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Lab Invest. 1982 Jan;46(1):24-32.

Electron microscopic examination of the inflammatory response to Legionella pneumophila in guinea pigs.


We have described the ultrastructural morphology of splenic and pulmonary exudates from guinea pigs infected intranasally and intraperitoneally by Legionella pneumophila. Legionella pneumophila produced pneumonia and splenitis by both routes of inoculation. The microbe was also disseminated to other organs. Within neutrophils, Legionella pneumophila typically displayed degenerating forms, suggesting that this intracellular environment is somewhat hostile to the bacterium. By contrast, macrophages tended to contain intact forms, located within organelles morphologically identical with rough endoplasmic reticulum. Some bacteria were replicating at this site. In macrophages containing greater than 25 microbes per section, Legionella pneumophila was usually dispersed within the cytoplasm outside of organelles, and many of the heavily infected macrophages exhibited ultrastructural features of injury. Neutrophils phagocytosed Legionella pneumophila, but we found no ultrastructural evidence of either ingestion of Legionella pneumophila by macrophages or of localization of the microbe to primary or secondary phagosomes of macrophages. Our findings support the contention that Legionella pneumophila is an intracellular parasite of macrophages. The homing of Legionella pneumophila to cytoplasmic organelles morphologically indistinguishable from rough endoplasmic reticulum has no bacteriologic parallel. It remains to be determined how Legionella pneumophila enters this organelle, whether this structure is, in fact, functional rough endoplasmic reticulum and whether this site is actively involved in replication of the bacterium. The animal models used herein seem suitable for further delineation of these questions.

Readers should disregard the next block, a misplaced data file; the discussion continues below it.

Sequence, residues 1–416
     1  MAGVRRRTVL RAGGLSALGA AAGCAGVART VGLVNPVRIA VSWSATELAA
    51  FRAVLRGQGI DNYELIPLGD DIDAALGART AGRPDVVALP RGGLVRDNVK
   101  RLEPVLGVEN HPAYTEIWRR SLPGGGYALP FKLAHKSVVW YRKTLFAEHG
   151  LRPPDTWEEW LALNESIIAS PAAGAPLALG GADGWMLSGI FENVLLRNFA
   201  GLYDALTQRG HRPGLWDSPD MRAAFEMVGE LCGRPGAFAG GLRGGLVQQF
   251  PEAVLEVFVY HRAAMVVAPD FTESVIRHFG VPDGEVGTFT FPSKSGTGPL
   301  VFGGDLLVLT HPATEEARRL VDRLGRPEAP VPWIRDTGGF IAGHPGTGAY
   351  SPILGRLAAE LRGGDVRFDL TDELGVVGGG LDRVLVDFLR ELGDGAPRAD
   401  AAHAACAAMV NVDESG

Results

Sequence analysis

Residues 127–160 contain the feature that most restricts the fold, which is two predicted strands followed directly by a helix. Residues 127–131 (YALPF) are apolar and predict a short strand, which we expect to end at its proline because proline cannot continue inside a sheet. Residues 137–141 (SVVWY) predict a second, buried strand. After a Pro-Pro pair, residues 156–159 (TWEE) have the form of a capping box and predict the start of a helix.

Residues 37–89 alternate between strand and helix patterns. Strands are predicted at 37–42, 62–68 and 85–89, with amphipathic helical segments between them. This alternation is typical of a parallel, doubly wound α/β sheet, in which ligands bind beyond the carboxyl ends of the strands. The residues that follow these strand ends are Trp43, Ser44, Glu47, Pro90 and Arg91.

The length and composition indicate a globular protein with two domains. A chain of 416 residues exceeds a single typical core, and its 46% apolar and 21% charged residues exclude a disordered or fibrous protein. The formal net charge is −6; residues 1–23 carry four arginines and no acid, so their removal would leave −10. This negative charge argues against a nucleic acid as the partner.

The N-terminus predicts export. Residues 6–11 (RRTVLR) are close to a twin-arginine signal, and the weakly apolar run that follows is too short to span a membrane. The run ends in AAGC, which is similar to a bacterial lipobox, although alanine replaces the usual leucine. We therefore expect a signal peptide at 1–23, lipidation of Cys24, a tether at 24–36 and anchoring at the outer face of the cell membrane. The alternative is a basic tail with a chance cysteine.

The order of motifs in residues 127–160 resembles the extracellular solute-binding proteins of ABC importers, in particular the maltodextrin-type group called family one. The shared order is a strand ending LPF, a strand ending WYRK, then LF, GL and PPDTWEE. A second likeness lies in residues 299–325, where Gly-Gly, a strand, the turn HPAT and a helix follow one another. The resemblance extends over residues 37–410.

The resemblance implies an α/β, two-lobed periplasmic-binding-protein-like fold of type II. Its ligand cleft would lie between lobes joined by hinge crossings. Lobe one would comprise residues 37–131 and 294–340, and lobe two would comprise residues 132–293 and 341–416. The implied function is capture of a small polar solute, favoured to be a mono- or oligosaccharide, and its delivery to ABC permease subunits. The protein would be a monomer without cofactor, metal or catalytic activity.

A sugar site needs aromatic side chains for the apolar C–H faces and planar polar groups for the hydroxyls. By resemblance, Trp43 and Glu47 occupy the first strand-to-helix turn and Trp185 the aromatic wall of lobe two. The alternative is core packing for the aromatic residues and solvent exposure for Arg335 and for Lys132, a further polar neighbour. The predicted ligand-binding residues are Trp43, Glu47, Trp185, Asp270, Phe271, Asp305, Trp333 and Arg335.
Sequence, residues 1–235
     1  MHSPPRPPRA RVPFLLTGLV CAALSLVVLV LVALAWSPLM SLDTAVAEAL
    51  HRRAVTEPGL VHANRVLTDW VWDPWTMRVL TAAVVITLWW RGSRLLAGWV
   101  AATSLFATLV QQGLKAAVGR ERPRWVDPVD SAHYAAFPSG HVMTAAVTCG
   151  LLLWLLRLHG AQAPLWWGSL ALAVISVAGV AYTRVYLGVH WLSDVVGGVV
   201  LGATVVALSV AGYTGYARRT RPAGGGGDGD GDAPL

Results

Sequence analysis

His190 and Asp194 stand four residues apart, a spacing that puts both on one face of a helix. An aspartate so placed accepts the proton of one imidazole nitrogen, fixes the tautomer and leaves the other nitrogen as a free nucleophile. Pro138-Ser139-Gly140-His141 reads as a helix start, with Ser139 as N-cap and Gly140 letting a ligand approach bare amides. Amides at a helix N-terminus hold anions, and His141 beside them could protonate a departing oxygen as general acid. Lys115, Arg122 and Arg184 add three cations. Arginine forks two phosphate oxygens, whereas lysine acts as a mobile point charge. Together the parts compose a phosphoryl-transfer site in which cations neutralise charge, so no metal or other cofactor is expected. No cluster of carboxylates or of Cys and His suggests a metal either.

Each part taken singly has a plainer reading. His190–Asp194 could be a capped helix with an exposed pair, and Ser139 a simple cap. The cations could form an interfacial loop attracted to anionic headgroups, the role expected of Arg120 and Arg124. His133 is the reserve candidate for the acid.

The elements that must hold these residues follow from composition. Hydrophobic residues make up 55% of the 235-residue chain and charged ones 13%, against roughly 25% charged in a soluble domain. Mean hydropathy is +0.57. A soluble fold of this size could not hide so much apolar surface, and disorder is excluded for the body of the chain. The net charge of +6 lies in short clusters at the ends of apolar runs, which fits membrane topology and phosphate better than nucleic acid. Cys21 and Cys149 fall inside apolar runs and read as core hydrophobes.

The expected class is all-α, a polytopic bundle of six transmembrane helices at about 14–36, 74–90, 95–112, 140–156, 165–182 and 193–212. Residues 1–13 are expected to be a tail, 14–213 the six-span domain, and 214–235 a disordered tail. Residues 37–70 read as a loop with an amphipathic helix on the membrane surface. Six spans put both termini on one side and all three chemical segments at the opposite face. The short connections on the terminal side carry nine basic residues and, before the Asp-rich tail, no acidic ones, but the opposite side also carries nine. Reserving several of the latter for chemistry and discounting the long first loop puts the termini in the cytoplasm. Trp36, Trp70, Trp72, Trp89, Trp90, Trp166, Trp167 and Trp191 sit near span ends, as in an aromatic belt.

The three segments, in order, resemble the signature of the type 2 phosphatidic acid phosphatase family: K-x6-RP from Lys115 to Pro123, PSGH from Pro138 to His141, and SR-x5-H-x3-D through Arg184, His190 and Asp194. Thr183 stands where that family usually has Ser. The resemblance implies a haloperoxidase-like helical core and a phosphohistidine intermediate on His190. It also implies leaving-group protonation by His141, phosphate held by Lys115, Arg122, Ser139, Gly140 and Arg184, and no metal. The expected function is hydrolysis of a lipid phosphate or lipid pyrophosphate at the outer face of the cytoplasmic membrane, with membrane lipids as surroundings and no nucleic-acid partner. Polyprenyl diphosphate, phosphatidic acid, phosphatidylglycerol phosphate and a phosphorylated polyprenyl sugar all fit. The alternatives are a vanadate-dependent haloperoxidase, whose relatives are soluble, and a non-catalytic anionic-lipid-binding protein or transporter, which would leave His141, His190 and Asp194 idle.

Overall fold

[Indexed for MEDLINE]

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